Kawaley wants work permit policy fine-tuned’
Chief Justice Ian Kawaley has called for a “narrow and focused fine tuning” of Bermuda’s work permit policy in light of the legal battle between the AME Church and the Bermuda Government.
Mr Justice Kawaley said the case illustrated the “folly of the apparently longstanding tradition of ministers retaining legal power to substantively decide individual work permit applications”.
“The most significant problem the present case highlights is the potential confusion on the part of technical officers, work permit applicants, the Immigration Board, and the minister if there is no clear dividing line between cases where the board is making the substantive decision and where it is not,” the Chief Justice said in his judgment.
Mr Justice Kawaley added: “There appears to be compelling reason for deploying the valuable power conferred on the Minister by section 13(b) of the Act to delegate decision-making competence to the board over work permit applications, either generally of certain categories of types of application.
“This would add valuable administrative and legal clarity to the respective roles of minister and board without requiring any significant disruption to the existing administrative operations.”
Yesterday afternoon, the Attorney-General’s Chambers released a statement saying that the Government would consider the Chief Justice’s recommendation.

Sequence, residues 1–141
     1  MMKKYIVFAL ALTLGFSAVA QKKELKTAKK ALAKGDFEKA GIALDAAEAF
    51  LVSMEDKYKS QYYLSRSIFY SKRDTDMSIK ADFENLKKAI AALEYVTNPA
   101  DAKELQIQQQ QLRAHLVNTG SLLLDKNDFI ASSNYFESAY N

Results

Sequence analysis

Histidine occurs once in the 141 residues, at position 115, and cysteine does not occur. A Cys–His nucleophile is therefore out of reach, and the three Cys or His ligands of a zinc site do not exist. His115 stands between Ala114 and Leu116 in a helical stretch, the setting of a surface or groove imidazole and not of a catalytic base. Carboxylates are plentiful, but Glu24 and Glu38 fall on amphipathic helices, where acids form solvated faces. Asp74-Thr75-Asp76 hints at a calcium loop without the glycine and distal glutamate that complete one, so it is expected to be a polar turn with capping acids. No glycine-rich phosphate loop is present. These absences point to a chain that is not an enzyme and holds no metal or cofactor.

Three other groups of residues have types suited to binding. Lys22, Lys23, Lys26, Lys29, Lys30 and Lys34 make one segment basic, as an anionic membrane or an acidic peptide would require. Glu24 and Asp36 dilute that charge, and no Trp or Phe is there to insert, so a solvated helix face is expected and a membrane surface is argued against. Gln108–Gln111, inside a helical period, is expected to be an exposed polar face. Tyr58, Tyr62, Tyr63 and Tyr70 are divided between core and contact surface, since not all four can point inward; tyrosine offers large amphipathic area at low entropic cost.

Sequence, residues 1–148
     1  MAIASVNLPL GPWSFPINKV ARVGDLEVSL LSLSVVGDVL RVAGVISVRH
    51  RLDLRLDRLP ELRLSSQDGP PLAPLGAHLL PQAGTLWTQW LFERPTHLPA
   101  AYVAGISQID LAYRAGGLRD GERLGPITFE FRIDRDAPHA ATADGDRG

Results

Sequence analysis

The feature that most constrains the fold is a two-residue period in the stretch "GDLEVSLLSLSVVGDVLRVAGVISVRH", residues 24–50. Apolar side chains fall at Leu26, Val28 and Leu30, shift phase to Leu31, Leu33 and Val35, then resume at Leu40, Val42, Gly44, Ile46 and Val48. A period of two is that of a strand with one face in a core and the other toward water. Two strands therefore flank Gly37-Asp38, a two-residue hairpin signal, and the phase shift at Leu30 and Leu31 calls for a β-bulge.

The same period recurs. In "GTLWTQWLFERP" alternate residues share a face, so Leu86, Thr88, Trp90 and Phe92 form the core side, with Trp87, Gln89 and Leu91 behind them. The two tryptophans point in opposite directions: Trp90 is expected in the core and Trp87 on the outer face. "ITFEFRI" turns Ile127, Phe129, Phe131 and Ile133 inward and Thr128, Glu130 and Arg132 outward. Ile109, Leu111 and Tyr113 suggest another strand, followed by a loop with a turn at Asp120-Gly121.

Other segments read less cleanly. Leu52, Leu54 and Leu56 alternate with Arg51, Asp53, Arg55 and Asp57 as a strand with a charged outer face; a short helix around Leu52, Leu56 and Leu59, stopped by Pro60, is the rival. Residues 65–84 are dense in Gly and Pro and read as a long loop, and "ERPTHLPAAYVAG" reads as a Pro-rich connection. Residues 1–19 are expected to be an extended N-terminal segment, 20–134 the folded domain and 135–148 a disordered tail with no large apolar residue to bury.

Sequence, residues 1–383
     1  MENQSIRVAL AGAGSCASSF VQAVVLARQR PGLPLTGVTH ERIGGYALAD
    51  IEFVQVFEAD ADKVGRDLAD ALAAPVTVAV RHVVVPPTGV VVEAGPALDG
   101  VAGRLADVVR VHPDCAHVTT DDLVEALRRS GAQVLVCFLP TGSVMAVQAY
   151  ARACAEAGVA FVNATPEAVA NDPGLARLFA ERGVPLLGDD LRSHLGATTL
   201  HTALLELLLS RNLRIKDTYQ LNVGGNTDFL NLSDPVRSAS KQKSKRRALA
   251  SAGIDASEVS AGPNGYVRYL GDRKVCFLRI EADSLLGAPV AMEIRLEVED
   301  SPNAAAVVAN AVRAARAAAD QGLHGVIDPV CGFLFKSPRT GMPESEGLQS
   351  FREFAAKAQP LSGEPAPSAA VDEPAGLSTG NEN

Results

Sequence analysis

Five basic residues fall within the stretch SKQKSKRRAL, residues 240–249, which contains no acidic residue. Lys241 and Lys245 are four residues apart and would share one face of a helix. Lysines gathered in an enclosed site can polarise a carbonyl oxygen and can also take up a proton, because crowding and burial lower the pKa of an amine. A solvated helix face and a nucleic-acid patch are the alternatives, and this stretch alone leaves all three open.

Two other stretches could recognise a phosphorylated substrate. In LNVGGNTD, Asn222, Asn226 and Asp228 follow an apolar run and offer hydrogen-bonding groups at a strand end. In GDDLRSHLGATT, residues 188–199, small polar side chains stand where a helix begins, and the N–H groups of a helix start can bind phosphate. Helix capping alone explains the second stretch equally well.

“The Chief Justice rejected the argument put forward by Reverend Genevieve-Tweed that the minister was biased in how she dealt with his work permit application,” the statement said.
“According to the ruling, the minister ‘clearly attempted to deal with the work permit application in a principled manner’.
“However, the Chief Justice did find that there were some procedural issues with the way the minister and Department of Immigration handled Reverend Genevieve-Tweed’s work permit renewal application. He has accordingly asked the minister to retake the decision afresh. His judgment also made clear that a statutory power to delegate the minister’s functions in respect of work permits to the Immigration Board has never been made. This has been the case since the Bermuda Immigration and Protection Act 1956 was first enacted.
“This lack of delegation caused there to be an ‘administrative law muddle and confusion’. The Chief Justice did recommend that this delegation be made, and the Government will be considering the recommendation.”
In his ruling, Mr Justice Kawaley maintained that the interests of good public administration required the delegation power to be exercised to give the board full competence to adjudicate politically neutral decisions on ordinary individual work permit applications.
He added: “It is unsatisfactory that the published Work Permit Policy misrepresents the true legal positions and that; firstly, the board has no legal authority to make substantive decisions on work permit applications and, secondly, even if as a matter of practice the board is the real decision-maker in most cases, in every case the minister has the legal right to assume full command and control of an application, contrary to the legitimate expectations of applicants based on the wording of paragraph 14 of the policy.”
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